At a time when the world's leaders are struggling to keep international agreements on climate change afloat, what can mayors do? Khan has pledged to buy only hybrid and zero-emissions buses from next year, and is working towards London becoming a zero carbon city.

Khan has, of course, also gained heroic status for being a bête noire of climate-change-denier-in-chief Donald Trump. On the US president's withdrawal from the Paris Agreement, Khan quipped: “If only he had withdrawn from Twitter.” He had more favourable things to say about the former mayor of New York and climate change activist Michael Bloomberg, who Khan said hailed from “the second greatest city in the world.”

Yet behind his humour was a serious point. Local authorities are having to pick up where both countries' central governments are leaving a void – in improving our air and supporting renewable technology and jobs. Most concerning of all, perhaps, is the way that interest groups representing business are slashing away at the regulations which protect public health, and claiming it as a virtue.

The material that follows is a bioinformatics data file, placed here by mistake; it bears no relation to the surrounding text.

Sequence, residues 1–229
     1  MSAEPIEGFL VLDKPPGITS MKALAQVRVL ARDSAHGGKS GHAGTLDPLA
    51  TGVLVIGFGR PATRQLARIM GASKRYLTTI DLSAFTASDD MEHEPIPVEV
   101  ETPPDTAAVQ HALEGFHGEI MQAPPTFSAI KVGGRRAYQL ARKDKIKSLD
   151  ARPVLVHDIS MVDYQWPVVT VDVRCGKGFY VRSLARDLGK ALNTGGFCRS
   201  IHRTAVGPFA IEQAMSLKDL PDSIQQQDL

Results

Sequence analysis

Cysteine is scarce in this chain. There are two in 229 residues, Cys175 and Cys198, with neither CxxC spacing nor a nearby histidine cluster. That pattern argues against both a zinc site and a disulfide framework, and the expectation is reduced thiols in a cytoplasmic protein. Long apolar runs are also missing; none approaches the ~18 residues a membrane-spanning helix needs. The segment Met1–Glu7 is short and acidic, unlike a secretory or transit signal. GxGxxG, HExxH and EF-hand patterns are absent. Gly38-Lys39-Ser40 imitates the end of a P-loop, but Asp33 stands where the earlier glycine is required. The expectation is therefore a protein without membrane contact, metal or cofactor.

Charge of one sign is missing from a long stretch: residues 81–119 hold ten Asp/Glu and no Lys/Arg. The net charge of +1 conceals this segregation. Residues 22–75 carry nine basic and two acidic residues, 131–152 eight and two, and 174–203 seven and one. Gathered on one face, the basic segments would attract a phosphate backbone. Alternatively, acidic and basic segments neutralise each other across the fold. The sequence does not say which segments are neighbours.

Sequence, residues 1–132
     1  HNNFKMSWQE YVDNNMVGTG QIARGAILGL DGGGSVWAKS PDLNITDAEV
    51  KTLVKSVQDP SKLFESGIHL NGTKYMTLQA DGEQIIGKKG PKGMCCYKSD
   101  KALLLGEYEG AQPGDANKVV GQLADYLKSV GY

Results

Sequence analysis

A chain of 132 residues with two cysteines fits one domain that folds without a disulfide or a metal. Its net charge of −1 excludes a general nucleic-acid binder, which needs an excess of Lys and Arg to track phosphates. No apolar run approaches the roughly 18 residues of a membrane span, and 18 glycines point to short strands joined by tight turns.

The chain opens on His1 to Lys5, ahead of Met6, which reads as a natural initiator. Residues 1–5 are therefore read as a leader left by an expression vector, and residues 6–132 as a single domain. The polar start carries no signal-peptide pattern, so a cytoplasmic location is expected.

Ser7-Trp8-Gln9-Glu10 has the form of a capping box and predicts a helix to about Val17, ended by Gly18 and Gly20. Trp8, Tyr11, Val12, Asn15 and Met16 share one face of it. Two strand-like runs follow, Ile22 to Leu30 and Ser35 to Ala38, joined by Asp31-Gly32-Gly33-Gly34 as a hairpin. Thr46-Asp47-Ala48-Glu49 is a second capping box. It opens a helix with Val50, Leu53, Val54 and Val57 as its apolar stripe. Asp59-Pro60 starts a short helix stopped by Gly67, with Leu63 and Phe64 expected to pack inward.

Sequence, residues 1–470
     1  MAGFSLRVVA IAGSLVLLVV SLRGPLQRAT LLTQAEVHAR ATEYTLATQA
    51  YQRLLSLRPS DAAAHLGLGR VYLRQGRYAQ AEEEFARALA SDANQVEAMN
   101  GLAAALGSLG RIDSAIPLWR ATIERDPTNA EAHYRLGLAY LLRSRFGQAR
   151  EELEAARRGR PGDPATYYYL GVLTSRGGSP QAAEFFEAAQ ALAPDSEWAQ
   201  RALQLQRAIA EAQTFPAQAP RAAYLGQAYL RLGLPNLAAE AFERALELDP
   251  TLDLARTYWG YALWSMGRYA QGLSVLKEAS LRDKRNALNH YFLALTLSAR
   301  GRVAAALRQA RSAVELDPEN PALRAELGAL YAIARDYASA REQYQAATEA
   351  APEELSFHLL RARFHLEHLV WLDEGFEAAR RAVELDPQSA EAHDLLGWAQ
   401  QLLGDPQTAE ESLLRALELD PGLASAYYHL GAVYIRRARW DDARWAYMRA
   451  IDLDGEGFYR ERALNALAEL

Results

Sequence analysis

In the UK, documents leaked to Greenpeace’s energy desk show that a government-backed initiative considered proposals for reducing EU rules on fire-safety on the very day of the Grenfell Tower fire. The director of this Red Tape Initiative, Nick Tyrone, told the Guardian that these proposals were rejected. Yet government attempts to water down other EU regulations, such as the energy efficiency directive, still stand.

In America, this blame-game is even more highly charged. Republicans have sworn to replace what they describe as Obama’s “war on coal” with a war on regulation. “I am taking historic steps to lift the restrictions on American energy, to reverse government intrusion, and to cancel job-killing regulations,” Trump announced in March. While he has vowed “to promote clean air and clear water,” he has almost simultaneously signed an order to unravel the Clean Water Rule.